Admission to what was until recently "America's best high school" (as named by U.S. News & World Report) is again under assault from multiple directions. Seven teachers at Fairfax County's acclaimed Thomas Jefferson High School for Science and Technology allege that the school's famously rigorous selection process has been eased, such that it's no longer enrolling the ablest and best-prepared pupils.
Recent high-profile complaints against TJ overlook widespread failings in American public education.
A federal civil rights complaint filed by a former Fairfax County School Board member asserts that entry criteria at TJ, as the school is known, in conjunction with the district's clumsy handling of "gifted and talented" education in earlier grades, rig the enrollment against black and Latino kids. At the same time, a law professor is pressing his claim that black students are favored over white students in the admissions process.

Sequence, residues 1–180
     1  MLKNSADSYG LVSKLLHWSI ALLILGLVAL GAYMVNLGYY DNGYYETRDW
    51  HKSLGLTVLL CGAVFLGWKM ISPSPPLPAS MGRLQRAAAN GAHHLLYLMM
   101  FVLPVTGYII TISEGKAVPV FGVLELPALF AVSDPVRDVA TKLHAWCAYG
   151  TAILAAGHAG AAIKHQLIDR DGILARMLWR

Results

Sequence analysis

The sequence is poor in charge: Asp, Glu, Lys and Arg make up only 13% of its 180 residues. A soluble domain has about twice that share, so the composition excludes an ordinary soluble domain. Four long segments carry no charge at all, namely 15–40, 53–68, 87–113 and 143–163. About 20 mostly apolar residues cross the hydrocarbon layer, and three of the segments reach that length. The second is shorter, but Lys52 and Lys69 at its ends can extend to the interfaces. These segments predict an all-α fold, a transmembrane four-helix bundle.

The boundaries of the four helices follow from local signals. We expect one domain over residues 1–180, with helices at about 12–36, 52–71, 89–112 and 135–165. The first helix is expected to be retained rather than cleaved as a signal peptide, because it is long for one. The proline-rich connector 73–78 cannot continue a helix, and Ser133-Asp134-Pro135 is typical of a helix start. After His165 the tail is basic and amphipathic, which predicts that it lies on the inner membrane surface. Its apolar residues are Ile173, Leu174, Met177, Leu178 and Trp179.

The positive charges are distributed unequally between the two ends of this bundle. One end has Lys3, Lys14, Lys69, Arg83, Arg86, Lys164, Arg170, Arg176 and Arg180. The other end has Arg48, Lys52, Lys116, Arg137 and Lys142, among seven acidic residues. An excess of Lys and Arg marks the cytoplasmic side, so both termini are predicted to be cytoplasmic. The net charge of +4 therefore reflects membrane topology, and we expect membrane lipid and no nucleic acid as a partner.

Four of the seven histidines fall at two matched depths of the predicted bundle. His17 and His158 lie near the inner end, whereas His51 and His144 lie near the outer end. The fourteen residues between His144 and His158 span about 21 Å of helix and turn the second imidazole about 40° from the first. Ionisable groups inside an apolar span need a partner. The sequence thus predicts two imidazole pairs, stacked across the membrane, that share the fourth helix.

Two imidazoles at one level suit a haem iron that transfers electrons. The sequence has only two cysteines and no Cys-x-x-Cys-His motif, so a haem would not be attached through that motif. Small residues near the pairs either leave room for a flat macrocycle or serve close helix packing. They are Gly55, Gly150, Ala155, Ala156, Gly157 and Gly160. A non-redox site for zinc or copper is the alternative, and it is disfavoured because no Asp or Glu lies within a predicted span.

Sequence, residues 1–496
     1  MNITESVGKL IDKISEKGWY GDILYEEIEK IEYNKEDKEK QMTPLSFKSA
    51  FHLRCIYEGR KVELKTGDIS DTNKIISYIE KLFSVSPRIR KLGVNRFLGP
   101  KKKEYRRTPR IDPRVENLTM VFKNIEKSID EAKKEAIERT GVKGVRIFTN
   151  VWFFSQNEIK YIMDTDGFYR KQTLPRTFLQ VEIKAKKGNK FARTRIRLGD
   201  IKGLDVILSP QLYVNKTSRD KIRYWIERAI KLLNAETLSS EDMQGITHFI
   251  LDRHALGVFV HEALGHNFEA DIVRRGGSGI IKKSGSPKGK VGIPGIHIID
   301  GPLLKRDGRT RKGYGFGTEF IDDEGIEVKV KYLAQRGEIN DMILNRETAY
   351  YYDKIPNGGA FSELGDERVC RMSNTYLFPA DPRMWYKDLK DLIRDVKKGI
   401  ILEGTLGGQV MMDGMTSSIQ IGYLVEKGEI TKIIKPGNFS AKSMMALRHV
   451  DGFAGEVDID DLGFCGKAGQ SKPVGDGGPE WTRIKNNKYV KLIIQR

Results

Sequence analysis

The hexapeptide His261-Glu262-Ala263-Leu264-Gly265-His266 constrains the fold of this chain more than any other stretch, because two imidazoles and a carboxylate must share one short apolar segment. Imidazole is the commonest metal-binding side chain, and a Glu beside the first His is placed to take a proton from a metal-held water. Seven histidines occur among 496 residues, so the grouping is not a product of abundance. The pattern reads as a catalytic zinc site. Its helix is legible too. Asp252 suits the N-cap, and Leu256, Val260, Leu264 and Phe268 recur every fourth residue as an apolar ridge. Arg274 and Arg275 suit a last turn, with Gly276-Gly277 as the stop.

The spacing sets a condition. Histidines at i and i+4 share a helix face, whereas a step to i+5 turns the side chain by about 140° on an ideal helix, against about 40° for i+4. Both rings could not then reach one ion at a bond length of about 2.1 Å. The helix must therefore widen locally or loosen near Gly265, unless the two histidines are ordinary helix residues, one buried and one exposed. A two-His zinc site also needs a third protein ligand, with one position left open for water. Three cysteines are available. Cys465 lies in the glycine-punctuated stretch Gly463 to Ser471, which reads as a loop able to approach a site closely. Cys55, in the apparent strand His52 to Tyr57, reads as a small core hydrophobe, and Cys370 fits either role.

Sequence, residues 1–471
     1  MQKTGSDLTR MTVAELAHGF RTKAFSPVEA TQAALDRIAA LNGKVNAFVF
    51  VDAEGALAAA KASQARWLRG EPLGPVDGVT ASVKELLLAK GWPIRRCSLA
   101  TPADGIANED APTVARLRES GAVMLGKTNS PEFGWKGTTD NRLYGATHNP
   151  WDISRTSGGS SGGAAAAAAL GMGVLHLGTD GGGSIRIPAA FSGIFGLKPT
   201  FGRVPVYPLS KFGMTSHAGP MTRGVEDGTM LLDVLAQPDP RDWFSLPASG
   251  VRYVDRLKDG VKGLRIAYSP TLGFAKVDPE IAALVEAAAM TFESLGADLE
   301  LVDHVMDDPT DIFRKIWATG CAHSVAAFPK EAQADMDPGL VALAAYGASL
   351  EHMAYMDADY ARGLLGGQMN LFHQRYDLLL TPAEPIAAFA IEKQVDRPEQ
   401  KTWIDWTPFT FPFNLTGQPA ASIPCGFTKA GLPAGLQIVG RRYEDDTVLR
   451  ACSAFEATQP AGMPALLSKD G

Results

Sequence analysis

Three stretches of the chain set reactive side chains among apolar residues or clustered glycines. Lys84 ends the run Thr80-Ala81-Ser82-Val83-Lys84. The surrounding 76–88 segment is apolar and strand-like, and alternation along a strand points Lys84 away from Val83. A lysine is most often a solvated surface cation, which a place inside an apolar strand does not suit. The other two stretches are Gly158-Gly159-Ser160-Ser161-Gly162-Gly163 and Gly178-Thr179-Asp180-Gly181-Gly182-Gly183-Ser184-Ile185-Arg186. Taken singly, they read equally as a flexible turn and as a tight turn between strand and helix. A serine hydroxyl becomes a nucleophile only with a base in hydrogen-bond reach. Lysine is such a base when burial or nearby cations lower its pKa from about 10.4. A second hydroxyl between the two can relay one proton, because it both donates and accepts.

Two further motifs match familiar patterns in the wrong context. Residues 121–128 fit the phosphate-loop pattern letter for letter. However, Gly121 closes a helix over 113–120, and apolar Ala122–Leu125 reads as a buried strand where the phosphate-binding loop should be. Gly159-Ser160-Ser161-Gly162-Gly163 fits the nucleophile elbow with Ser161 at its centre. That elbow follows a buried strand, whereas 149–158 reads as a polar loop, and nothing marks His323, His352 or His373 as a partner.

Any of these allegations could be true. But both complaints about TJ overlook two widespread failings in American public education that give rise to such grievances while also jeopardizing the nation's long-term economic competitiveness.
First, we've been neglecting the education of high-ability youngsters. States, districts, and individual schools, pressed by federal policies and metrics, have concentrated attention and resources on low-achieving and other "at-risk" youngsters, while paying scant heed to the fate of smart, eager pupils. Uncle Sam hasn't helped in recent years by zero-funding the one program intended to strengthen "gifted and talented," or G/T, education for poor and minority students. While struggling to raise...